Rebecca quickened her pace and jogged across the street to the other side, whilst I stepped back to wait for the passing car and cross afterwards.  
I reflected afterwards why we both reacted differently to seeing exactly the same scenario and information – she was comfortable to risk crossing, whilst I held back.  Now you might consider that we're processing that information we've seen about the risk differently, knowing our willingness to jog rather than walk leisurely.  

Rebecca is 20 years younger than me, so perhaps she is more relaxed and comfortable with everyday risks than I am.  Maybe my experiences include a family member being hurt in a car accident and that colours my view on something as straight forward as crossing the road.  We might have any number of factors at play personally producing a different risk tolerance in both of us.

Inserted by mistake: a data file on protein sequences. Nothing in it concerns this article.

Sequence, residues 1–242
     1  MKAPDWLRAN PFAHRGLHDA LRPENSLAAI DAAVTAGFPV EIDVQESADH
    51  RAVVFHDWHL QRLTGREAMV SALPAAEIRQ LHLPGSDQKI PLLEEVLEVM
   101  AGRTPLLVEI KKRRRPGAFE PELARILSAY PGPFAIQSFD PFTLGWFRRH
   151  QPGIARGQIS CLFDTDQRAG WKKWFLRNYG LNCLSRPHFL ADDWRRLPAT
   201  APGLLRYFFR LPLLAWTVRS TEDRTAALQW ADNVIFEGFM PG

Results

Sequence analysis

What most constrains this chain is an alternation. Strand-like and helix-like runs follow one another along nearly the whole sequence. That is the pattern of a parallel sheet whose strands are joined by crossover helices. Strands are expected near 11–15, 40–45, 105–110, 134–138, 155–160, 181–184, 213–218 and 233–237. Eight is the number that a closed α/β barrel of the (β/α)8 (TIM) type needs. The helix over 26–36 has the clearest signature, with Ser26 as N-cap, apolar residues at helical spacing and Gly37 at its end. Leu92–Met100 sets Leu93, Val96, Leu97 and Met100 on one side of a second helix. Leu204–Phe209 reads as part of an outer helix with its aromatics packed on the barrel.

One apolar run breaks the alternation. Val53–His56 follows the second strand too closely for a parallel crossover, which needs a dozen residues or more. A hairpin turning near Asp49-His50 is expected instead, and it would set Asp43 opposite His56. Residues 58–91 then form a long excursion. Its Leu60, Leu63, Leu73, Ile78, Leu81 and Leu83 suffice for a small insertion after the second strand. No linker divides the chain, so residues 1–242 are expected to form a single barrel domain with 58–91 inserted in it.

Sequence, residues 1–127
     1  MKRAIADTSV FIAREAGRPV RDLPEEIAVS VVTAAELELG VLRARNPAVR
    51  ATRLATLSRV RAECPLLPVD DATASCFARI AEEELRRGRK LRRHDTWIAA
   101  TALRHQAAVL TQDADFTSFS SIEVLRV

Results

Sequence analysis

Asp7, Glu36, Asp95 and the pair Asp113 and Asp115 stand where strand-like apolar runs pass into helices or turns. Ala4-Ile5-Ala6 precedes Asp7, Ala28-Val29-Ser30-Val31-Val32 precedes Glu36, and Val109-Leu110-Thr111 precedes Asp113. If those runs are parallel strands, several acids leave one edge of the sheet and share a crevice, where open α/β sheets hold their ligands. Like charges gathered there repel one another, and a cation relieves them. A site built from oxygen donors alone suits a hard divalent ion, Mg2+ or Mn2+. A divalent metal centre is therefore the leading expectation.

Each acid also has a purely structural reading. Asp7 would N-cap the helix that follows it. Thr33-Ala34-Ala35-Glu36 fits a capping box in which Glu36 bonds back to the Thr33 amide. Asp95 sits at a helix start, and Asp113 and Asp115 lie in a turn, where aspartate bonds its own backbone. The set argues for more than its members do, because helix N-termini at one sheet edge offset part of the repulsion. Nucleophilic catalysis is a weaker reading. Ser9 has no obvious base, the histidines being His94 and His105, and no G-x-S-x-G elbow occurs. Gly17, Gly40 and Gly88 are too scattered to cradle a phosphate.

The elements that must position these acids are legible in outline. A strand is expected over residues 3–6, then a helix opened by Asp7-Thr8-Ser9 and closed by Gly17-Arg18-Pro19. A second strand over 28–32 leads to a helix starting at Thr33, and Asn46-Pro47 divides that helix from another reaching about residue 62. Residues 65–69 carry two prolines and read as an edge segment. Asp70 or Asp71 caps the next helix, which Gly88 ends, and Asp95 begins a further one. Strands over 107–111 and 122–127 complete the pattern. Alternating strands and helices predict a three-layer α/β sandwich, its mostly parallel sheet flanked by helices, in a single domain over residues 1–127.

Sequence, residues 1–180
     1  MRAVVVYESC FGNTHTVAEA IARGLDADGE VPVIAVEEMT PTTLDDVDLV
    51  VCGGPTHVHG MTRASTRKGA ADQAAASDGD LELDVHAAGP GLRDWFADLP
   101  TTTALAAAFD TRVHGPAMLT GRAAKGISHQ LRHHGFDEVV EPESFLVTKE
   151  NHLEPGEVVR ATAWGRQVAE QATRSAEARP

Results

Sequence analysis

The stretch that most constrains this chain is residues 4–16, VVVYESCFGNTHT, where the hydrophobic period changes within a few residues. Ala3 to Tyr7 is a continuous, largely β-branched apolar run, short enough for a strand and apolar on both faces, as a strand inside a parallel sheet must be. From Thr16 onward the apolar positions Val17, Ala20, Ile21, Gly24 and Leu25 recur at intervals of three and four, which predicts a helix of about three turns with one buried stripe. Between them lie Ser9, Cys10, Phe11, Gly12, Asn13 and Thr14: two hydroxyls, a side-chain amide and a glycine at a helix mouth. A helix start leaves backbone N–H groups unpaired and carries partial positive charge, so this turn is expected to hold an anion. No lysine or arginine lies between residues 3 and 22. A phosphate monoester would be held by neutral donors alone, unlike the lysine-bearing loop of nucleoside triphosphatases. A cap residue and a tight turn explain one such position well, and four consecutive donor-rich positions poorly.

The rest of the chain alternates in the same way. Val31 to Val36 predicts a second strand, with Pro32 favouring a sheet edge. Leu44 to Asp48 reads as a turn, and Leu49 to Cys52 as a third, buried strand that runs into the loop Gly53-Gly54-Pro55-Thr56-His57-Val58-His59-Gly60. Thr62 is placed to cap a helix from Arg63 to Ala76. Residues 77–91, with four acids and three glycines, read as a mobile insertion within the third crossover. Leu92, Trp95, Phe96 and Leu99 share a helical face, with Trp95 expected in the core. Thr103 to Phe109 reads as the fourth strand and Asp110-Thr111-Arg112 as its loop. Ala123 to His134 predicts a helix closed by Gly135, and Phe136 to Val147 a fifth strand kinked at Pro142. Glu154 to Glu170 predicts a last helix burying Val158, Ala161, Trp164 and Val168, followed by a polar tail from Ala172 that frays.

So how about using this type of personalised approach to lead the discussions on how the in-house legal team can ensure it is aligned with the business on managing risk.

Setting the risk spectrum

After setting some parameters describing what the risk spectrum is from one extreme to the other, it's useful to talk through how we're defining risk tolerance and risk appetite. Setting this type of scale gives everyone in the discussions the same benchmark from which to start placing themselves on that spectrum given different scenarios.